Rumors swirled around town that there was a rabid coyote, but Laflamme said it was a coyote with mange.
Laflamme shot and killed the sick animal on Dec. 31 after it wandered through the city, almost causing several accidents before it ended up in a parking lot.
Since 1994, the state has recorded only two cases of rabid coyotes, both in 2000.
Scott Lindsey, a biologist with the Department of Inland Fisheries and Wildlife, said the coyotes in the Cathedral Oaks area are part of a family group, with two mating adults and two or three pups from last year’s litter. The pair likely will produce another litter of four to six pups in June.
Coyote families tend to stay in one area in the winter, and are unlikely to be joined by more coyotes, he said.
“It’s not like you’re going to have 20 coyotes there in a small area,” Lindsey said.
Wildlife officials and biologists say education is key for addressing complaints about coyotes, especially in urban and suburban settings, where people aren’t as accustomed to dealing with wildlife.
Lindsey said residents should educate themselves about the normal behavior of coyotes so they know when something isn’t right.
For example, it can be normal for a coyote to walk through a yard. Usually, people can “haze” coyotes, scaring them away by making noises and throwing things toward them.
If a coyote stays put when approached, “that’s something that indicates the animal is getting too comfortable there,” Lindsey said. “When you have an animal that has crossed that line where they’re no longer afraid of people and see them as a potential source of food, they need to be targeted and removed and killed.”
But Geri Vistein, a Maine-based conservation biologist who is now working with Biddeford to address the coyote issue, said removing and killing the animals exacerbates the problem by disrupting coyote families.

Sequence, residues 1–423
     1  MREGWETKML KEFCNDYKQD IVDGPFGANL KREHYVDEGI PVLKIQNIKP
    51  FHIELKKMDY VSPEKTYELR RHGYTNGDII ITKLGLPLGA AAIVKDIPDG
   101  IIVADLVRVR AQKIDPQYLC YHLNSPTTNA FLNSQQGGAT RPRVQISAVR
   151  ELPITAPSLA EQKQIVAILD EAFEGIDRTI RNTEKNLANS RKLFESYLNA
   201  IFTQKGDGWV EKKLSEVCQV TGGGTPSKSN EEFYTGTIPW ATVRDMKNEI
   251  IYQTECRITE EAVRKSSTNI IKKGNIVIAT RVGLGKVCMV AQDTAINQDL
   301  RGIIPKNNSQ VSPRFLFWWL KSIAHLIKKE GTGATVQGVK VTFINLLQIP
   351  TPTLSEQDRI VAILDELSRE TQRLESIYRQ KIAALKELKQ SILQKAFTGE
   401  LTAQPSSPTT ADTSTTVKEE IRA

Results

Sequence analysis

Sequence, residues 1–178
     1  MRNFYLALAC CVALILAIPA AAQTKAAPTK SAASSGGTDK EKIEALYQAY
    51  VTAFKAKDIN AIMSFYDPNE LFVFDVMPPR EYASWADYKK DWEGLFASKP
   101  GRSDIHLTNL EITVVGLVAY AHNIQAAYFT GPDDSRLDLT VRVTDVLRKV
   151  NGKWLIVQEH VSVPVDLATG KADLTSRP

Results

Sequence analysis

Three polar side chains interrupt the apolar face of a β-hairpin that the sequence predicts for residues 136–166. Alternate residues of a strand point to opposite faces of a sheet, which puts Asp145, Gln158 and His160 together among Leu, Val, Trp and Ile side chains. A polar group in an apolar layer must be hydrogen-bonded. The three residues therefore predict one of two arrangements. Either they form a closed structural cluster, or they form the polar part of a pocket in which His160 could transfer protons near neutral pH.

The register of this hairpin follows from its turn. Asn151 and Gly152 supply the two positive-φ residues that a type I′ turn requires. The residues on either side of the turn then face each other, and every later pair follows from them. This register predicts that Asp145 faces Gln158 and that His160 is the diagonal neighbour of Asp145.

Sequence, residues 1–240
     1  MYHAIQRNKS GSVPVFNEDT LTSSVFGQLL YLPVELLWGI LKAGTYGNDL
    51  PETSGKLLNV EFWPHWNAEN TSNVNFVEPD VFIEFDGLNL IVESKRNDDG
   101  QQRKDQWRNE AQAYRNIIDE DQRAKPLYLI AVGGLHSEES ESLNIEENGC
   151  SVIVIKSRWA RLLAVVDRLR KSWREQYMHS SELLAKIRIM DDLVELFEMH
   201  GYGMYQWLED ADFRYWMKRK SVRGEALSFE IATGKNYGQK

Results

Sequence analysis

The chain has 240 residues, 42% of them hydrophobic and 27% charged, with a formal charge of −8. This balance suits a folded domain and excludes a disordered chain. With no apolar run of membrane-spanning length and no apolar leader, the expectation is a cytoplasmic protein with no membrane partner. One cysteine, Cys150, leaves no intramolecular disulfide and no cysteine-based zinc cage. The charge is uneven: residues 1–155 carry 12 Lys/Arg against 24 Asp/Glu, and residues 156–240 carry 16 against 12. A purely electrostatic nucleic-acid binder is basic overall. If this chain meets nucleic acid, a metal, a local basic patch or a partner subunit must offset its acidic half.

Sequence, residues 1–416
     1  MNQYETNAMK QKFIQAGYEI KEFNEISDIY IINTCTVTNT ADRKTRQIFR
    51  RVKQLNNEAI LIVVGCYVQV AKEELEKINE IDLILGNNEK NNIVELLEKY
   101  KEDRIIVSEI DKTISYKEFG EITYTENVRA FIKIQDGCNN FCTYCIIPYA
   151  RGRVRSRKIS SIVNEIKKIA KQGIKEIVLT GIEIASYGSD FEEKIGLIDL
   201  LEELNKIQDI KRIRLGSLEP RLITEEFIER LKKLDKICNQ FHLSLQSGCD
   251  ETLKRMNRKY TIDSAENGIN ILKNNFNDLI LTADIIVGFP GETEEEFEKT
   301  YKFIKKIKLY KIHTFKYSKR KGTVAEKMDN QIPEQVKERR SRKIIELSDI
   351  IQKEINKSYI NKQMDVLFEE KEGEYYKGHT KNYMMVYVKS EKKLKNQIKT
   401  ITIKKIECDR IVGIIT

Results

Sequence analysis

She said that developing a coyote management plan, educating people not to feed wild animals and teaching them how to haze coyotes is the most effective way for the city to deal with the complaints.
It also is important to dispel the fear that many people have when they see coyotes in their yards, Vistein said. Coyotes rarely attack humans, especially when they aren’t being fed by them, she said.
Still, residents say they want something done about the coyotes in their neighborhoods.
Roger Hurtubise, who has lived on Village Lane for 25 years, said “this year seemed like the worst year ever for coyotes.”
They have become almost tame, he said, coming close to houses, snatching pets and howling at night. “The screeching, you wouldn’t believe it,” he said.
Hurtubise said he feels bad for the families who now have to keep a closer eye on their kids while they play outside. He no longer lets his cat out unsupervised, he has brought in his bird feeders and he bought an air horn to scare away coyotes that get too close.
On East Brook Lane, residents text warnings to each other when coyotes are spotted. Paul, the resident who first saw coyotes months ago, said he worries about his neighbors’ pets and children.
“We would like to see (the coyotes) gone, absolutely,” he said.
Staff Writer Gillian Graham can be contacted at 791-6315 or at: